February 19, 2013
Americans To Wear Blue For a Future Free of Colon Cancer
National Dress in Blue Day™ Aims to Raise Awareness about Importance of Screening
WASHINGTON, D.C. (February 19, 2013) – Why should you wear blue? That’s the question the Colon Cancer Alliance wants communities, businesses and individuals across the United States to answer during its 5th annual Dress in Blue Day™ program. On Friday, March 1st, 2013 Americans will be wearing blue for a variety of reasons this year, from honoring a friend or family member bringing greater awareness to colon cancer and the importance of being screened.
The Colon Cancer Alliance’s National Dress in Blue Day takes place on the first Friday in March and kicks off March as National Colorectal Cancer Month every year. The program is designed to promote awareness of colon cancer, encourage people to get their colon checked and ultimately, to put an end to this often preventable disease. Fundraising from Dress in Blue Day activities will benefit the Colon Cancer Alliance’s mission and screening, patient support and research programs.
“Support for Dress in Blue Day has grown tremendously since we took this program to the national level in 2009,” said Andrew Spiegel, CEO of the Colon Cancer Alliance. “Each year, we are inspired to hear about more and more communities, individuals and businesses who are taking great strides to support Dress in Blue Day. Our goal is to have the entire country going blue so everyone knows that this a cancer they can do something about – whether it’s by wearing blue, holding an event or taking charge of their health by talking to their doctor.”
Currently, colon cancer affects 1 in 20 people. More than 143,000 Americans will be diagnosed with the disease this year and 51,690 people will lose their battle with the disease. However, there is good news. Colon cancer is often beatable when detected and treated in its early stages or can be prevented altogether when polyps are removed before they develop into cancer. Dress in Blue Day encourages local communities, businesses and the general public to support awareness of colon cancer by dressing in blue and hosting educational events. Promotional materials and resources are available for free at www.dressinblueday.com.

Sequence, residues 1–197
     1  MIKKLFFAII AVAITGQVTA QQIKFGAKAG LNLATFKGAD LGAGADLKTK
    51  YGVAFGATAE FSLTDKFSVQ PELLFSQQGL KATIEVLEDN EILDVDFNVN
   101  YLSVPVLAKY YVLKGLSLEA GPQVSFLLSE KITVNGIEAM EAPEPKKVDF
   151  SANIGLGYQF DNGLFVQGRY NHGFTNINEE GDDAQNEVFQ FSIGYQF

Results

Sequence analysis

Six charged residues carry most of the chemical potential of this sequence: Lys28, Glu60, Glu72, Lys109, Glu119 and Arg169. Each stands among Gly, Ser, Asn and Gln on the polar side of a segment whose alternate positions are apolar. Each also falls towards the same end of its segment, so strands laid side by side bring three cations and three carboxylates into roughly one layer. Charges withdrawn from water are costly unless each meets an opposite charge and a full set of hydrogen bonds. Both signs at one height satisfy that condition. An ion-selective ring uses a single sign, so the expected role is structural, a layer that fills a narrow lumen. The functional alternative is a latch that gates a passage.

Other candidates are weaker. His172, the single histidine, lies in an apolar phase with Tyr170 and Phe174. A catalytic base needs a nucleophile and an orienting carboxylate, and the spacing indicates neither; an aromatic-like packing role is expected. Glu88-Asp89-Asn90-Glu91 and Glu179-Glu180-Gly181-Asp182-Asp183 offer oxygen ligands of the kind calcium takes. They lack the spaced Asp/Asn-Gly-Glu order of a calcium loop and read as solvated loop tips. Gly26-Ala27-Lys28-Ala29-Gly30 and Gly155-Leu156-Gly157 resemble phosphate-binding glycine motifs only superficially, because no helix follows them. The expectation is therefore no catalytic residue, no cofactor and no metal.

“Our advocates consistently come back and tell us that Dress in Blue Day encouraged a friend or coworker or loved one to finally talk to their doctor about getting a screening test. And guess what? It always turns out that the test saved their life. That’s why this day is so important. It’s not just about wearing blue - it’s about saving lives and making a difference.”
Dress in Blue Day began with Anita Mitchell. Ms. Mitchell was battling stage IV colon cancer and had lost a close friend and father to the disease. She saw a need to bring greater awareness to a cancer not many people wanted to discuss. Ms. Mitchell is a founder of Colon Cancer STARS and a volunteer for the Colon Cancer Alliance. She brought the Dress in Blue concept to the Colon Cancer Alliance in 2009. The Colon Cancer Alliance expanded this concept into Dress in Blue Day, a national celebratory day to raise awareness of colon cancer, specifically highlighting the spirit and courage of survivors and their families, and honoring the memory of those lost to the disease.
The Colon Cancer Alliance is the nation’s leading colon cancer patient advocacy organization, focused on prevention and survivorship of this disease. The Colon Cancer Alliance provides a variety of support, education and awareness programs throughout the year for patients, survivors, caregivers and the general public.
The Dress in Blue Day program is sponsored in part by Genentech.
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The Colon Cancer Alliance (CCA) is a community that provides hope and support to patients and their families, while saving lives through screening, access, awareness, advocacy and research.